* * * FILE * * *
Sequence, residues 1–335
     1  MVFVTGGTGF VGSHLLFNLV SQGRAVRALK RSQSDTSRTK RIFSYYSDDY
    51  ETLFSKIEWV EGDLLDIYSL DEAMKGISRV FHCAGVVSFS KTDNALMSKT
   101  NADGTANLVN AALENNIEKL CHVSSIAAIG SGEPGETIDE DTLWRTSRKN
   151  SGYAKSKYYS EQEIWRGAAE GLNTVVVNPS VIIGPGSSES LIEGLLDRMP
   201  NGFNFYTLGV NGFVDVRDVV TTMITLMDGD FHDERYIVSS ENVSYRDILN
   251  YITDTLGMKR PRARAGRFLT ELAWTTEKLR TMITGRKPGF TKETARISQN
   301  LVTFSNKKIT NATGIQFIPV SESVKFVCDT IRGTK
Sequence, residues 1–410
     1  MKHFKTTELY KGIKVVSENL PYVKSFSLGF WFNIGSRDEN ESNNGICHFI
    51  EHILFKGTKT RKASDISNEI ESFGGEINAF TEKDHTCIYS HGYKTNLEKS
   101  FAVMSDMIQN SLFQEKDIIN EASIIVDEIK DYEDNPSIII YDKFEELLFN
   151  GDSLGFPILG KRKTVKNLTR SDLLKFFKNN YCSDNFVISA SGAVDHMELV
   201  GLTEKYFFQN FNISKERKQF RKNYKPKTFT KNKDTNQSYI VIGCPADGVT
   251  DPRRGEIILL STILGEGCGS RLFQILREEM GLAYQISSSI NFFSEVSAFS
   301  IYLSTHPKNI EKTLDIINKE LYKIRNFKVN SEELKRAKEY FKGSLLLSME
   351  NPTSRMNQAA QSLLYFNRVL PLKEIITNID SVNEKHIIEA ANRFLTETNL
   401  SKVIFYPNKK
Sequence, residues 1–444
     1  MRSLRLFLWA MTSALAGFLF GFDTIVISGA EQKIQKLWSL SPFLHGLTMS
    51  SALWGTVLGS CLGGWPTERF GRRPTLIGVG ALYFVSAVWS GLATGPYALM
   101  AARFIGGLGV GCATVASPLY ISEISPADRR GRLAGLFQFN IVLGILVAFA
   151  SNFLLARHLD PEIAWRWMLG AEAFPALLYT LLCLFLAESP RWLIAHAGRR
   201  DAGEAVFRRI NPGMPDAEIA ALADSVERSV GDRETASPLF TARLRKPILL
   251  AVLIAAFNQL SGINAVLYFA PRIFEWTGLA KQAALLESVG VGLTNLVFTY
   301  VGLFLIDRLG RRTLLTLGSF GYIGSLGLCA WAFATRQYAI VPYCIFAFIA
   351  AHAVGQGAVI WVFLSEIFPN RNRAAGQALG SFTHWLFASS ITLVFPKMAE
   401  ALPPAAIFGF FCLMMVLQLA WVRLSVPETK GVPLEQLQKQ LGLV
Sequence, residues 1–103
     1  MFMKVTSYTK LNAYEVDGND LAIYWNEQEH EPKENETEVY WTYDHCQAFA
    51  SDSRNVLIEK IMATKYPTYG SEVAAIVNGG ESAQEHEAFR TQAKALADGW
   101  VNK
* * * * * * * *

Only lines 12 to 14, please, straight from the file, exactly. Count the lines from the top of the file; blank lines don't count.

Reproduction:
   101  FAVMSDMIQN SLFQEKDIIN EASIIVDEIK DYEDNPSIII YDKFEELLFN
   151  GDSLGFPILG KRKTVKNLTR SDLLKFFKNN YCSDNFVISA SGAVDHMELV
   201  GLTEKYFFQN FNISKERKQF RKNYKPKTFT KNKDTNQSYI VIGCPADGVT